Purpose: The ENFORCE cohort is a national Danish prospective cohort of adults who received a severe acute respiratory syndrome coronavirus 2 (SARS-CoV-2) vaccine as part of the Danish National SARS-CoV-2 vaccination programme. It was designed to investigate the long-term effectiveness, safety and durability of SARS-CoV-2 vaccines used in Denmark.
Participants: A total of 6943 adults scheduled to receive a SARS-CoV-2 vaccine in the Danish COVID-19 vaccination programme were enrolled in the study prior to their first vaccination. Participants will be followed for a total of 2 years with five predetermined follow-up visits and additional visits in relation to any booster vaccination. Serology measurements are performed after each study visit. T-cell immunity is evaluated at each study visit for a subgroup of 699 participants. Safety information is collected from participants at visits following each vaccination. Data on hospital admissions, diagnoses, deaths and SARS-CoV-2 PCR results are collected from national registries throughout the study period. The median age of participants was 64 years (IQR 53-75), 56.6% were women and 23% were individuals with an increased risk of a serious course of COVID-19. A total of 340 (4.9%) participants tested positive for SARS-CoV-2 spike IgG at baseline.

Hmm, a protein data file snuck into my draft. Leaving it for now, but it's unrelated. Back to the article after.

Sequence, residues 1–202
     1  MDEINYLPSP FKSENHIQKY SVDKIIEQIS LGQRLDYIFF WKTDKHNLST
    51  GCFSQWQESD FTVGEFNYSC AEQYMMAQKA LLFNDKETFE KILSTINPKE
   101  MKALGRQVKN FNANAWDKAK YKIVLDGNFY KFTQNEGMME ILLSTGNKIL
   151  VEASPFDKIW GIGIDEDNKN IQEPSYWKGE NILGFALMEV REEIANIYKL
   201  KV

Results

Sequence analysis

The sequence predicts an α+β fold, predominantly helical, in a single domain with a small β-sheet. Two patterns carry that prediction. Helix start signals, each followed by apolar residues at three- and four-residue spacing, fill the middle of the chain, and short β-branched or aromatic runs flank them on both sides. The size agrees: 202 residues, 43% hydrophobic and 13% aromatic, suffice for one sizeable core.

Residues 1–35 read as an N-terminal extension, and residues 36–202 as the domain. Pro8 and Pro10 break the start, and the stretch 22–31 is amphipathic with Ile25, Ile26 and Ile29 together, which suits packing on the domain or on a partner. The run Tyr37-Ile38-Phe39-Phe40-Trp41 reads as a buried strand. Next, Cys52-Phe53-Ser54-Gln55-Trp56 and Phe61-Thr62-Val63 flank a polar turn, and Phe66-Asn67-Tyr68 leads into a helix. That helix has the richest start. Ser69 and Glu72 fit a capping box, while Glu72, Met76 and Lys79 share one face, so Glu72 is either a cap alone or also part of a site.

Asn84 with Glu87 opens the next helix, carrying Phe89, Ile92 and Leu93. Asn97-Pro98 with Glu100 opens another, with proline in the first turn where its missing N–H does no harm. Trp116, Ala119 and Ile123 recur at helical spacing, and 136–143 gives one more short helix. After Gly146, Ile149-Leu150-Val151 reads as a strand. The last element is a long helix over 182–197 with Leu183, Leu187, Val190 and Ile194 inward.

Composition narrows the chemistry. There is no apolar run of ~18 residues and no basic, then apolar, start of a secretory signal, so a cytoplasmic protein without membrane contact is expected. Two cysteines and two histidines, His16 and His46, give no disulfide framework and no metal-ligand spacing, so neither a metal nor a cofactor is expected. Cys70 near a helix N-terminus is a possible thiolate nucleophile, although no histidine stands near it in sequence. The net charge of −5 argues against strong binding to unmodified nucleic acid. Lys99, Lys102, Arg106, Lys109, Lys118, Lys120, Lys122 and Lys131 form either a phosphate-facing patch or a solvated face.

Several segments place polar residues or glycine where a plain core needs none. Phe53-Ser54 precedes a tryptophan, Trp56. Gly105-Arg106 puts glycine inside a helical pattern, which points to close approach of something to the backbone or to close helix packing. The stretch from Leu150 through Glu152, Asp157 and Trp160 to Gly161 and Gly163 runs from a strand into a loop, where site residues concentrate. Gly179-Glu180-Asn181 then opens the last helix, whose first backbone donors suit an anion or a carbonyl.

Findings to date: Results have been published on risk factors for humoral hyporesponsiveness and non-durable response to SARS-CoV-2 vaccination, the risk of breakthrough infections at different levels of SARS-CoV-2 spike IgG by viral variant and on the antibody neutralising capacity against different SARS-CoV-2 variants following primary and booster vaccinations.
Future plans: The ENFORCE cohort will continuously generate studies investigating immunological response, effectiveness, safety and durability of the SARS-CoV-2 vaccines.
Trial registration number: NCT04760132.
Keywords: COVID-19; IMMUNOLOGY; Infection control.
© Author(s) (or their employer(s)) 2022. Re-use permitted under CC BY-NC. No commercial re-use. See rights and permissions. Published by BMJ.